More than 50% of human tumors contain a mutation in p53. Over 90% of tumors are solid tumors. Solid tumors have low oxygenated regions, called hypoxic regions where the tumor cells are more resistant to radio- and chemo-therapy than their well-oxygenated counterparts. In this study, we constructed a cell-permeable p53 fusion protein with selective stability in the hypoxic region. The fusion protein contained the TAT peptide for transduction across membranes, the oxygen-dependent degradation domain of hypoxia-inducible factor-1alpha and wild-type p53. This protein was effectively delivered into tumor cells where it exerted anticancer activity leading to the inhibition of cancer cell growth in vitro and the reduction of tumor weight in vivo. Hence, the fusion protein can be a novel protein drug for antitumor therapies, especially for hypoxic tumor cells.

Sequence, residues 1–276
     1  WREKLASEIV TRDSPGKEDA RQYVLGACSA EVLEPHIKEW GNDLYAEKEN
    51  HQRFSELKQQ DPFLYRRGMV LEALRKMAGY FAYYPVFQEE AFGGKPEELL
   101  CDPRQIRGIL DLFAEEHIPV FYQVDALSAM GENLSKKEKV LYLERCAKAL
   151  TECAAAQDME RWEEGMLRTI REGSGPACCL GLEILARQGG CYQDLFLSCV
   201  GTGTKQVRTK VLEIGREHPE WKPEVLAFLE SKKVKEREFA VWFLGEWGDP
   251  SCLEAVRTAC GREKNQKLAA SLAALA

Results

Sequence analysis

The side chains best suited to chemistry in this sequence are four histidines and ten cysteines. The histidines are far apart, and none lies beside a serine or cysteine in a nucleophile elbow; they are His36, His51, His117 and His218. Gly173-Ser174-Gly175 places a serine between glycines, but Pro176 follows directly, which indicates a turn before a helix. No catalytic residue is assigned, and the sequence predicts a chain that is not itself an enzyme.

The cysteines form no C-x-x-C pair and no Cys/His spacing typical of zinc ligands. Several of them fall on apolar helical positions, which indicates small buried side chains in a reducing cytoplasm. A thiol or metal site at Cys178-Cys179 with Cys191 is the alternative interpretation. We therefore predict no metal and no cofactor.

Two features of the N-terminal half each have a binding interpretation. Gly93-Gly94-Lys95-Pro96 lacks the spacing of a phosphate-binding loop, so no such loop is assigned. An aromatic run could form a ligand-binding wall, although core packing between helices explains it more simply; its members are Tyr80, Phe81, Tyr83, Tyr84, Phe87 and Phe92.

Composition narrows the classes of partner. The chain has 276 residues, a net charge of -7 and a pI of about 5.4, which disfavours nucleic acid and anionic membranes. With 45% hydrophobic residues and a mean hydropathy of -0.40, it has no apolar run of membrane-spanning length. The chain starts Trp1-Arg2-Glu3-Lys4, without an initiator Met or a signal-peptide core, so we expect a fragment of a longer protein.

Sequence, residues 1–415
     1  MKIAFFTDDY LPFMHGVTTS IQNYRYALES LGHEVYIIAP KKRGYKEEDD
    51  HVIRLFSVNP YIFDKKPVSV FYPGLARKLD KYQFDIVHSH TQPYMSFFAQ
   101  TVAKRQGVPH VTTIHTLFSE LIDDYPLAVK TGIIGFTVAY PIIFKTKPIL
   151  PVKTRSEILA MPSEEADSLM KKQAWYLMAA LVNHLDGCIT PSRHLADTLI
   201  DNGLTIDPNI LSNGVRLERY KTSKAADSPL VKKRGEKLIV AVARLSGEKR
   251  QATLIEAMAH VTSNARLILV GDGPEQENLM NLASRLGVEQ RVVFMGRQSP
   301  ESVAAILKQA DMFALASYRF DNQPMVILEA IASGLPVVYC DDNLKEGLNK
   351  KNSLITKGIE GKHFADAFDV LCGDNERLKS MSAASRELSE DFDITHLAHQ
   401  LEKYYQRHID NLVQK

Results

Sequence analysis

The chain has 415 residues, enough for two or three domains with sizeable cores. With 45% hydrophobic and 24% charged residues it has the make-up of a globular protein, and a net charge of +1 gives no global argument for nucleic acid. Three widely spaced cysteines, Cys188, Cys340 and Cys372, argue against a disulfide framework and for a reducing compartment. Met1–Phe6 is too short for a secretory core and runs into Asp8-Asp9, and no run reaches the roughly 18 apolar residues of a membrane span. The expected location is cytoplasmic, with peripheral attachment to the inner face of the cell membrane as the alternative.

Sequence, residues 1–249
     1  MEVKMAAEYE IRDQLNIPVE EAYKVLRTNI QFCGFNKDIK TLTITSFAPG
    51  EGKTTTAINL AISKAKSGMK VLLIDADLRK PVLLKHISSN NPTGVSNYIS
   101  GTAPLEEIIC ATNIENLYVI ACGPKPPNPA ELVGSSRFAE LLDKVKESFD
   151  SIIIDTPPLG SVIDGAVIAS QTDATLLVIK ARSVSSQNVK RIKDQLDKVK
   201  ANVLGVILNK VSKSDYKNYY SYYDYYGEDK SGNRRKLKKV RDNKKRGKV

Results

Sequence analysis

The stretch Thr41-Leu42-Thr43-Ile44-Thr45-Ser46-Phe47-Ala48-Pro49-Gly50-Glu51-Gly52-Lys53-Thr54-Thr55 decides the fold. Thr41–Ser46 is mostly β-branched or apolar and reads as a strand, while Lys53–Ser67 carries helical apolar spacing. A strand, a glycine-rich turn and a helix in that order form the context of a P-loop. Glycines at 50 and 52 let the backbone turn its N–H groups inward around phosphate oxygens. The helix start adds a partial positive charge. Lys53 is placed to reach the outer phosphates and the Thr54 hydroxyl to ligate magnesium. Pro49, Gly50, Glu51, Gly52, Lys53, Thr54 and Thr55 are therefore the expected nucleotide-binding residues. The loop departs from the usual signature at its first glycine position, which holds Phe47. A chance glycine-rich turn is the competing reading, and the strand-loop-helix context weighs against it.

Bibliographical noteFunding Information:
We are grateful to the Beijing Center of Disease Prevention and Control for the gift of B16 mouse melanoma cells. This work was supported by a Grant from the National Natural Science Foundation of China (NO. 30572207).
- Cancer therapy
- Hypoxia-inducible factor-1α
- Oxygen-dependent degradation domain
- Solid tumors